1871. Wikkuah 'al ha-Ahabah, by Judah Abravanel.

1871. Sefer Toledot Rabbenu Yizhak Lampronti.

1871. Sefer ha-Musar, by Ephraim of Modena.

1874. Tagmule ha-Nefesh, by Hillel b. Samuel of Verona.

1874. Sefer ha-'Ibbur, by Abraham.ibn Ezra.

1874. Peru»h 'al-Shir ha-«hirira, by Moses ibn Tibbon.

1874. Yihuse Tanna'im we-Amora'im, by a contemporary

of Ra.shi.

1881. Ha-Sarid weha-Palit, by Saadla Gaon.
1881-83. Sefer Hasidim.

1882. Metek Sefataylm, by R. Immanuel Frances.
18a5. Perush 'al Sefer Yezirah, by Isaac Barcelona.
1885-87. Teshubot ha-Ge'onim.

1885-1904. Kobe? 'al Yad, a series of collected smaller works
collections of old documents.

1886. Tarshish, diwan of R. Moses b. Ezra.
1886-92. Maimonides, commentary on Seder Tohorot.

1887. Sefer ha-Galuy, by R. Joseph Kimhl.
1887-92. Halakot Gedolot.

1888. Sefer Zikkaron, by Joseph Kimhi.

1889. Ma'yan Gannini, commentary on Job, by Samuel b.

Nissim Masuuth.
1889-93. Mahzor Vitry, by R. Simhah, pupil of Rashi.

1890. Yehudah Ya'aleh, by Judah Colofma and Isaac Hir-

schenson.
1891-92. Teshubot MaHaRaM, responsa of R. Meir of Rothen-
burg.



Melamxned
Helchior



THE JEWISH ENCYCLOPEDIA



448



Sefer ha-Shorashim, by R. Jonah ibn Janab.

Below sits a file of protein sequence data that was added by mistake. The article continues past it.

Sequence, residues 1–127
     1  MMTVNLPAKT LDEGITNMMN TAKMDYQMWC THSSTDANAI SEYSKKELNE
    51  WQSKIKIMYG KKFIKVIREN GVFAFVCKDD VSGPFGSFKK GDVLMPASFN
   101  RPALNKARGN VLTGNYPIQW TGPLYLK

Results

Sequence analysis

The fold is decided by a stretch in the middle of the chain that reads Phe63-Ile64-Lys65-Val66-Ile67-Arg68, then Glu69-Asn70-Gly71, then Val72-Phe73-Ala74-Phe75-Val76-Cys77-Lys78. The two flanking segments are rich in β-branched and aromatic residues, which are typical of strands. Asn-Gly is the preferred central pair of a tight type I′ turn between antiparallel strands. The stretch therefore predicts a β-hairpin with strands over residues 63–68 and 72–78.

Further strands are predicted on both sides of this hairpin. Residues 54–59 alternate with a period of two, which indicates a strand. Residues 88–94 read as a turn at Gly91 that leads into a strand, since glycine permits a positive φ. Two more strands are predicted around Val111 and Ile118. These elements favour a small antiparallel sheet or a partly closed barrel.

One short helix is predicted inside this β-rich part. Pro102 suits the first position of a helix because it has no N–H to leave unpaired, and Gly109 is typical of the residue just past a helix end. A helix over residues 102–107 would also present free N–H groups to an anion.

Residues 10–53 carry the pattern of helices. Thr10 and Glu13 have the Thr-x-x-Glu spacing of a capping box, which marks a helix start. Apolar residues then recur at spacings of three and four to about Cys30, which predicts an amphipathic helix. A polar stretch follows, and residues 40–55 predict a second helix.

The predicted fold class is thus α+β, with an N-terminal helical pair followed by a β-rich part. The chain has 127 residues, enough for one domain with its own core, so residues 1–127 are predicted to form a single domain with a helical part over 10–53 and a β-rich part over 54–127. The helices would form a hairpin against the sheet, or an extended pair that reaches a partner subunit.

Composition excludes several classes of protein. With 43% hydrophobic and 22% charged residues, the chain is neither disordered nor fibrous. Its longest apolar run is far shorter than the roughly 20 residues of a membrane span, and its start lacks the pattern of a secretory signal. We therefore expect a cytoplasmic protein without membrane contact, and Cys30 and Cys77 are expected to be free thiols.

Midraah Zuta, on the Ave Megillot.

Megillat Sedarim. by Abraham Brody.

Seder ha-Hakamim.

Minhat Kena'ot, by U. Jehiel of Pisa.

She'elot u-Teshubot she be-Sefer ha-Yashar le-Rab-

benu Tarn.
Midrash ha-Torah, commentary on the Pentateuch, by

Solomon Astruc of Barcelona.
Kebod Hakamim, by David Messer Leon of Mantua.
Orhot Hayyim, by Aaron ha-Kohen of Lunel.
Tashlum Abudarham, Jose b. Jose's "Abodah " and

other ritual poems, with notes by Abudarham.
Midrash Sekel : Tob, by Menahem b. Solomon.
Sefer ha-'Ittim, by Judah b. Barzilai of Barcelona.



1893-96.

1894.

1895.

1895.

1898.

1898.

1899.

1899.

1899-1901.

1900.

1900-01.
1902.

Bibliography : H. D. Lippe, Dibliographisches Lexicon, i.
451 eb se(/., Vienna, 1881; new series, i. 391, Vienna, 1899;
Verzeichnias der Schriftai dea Vcrein Mektze Nirdamim,
1885-95, 189G. 1898.

G. A. S. W.

MELAMMED (" teacher") : A term which in Bib-
lical times denoted a teacher or instructor in gen-
eral {e.g., in Ps. cxix. 99 and Prov. v. 13), but which
in the Talmudic period was applied especially to a
teacher of children, and was almost invariably fol-
lowed by the word "tinokot" (children ; B. B. 21a).
The Aramean equivalent was " makre dardcke " {ib. ).
The melammed was appointed by the community,
and there were special regulations determining how
many children he might teach, as well as rules gov-
erning the choice of applicants for the office and
the dismissal of a melammed (ib.). These regula-
tions were extended and augmented in the post-
Talmudic period.

Besides the teachers appointed by the community
there were others who were privately engaged by
the parents of children ; hence it became necessary
to define accurately the mutual rights and duties of
the melammed and of the parents. While giving
instruction the melammed was not allowed to do any
other work (Shulhan 'Aruk, Hoshen Mishpat, 333,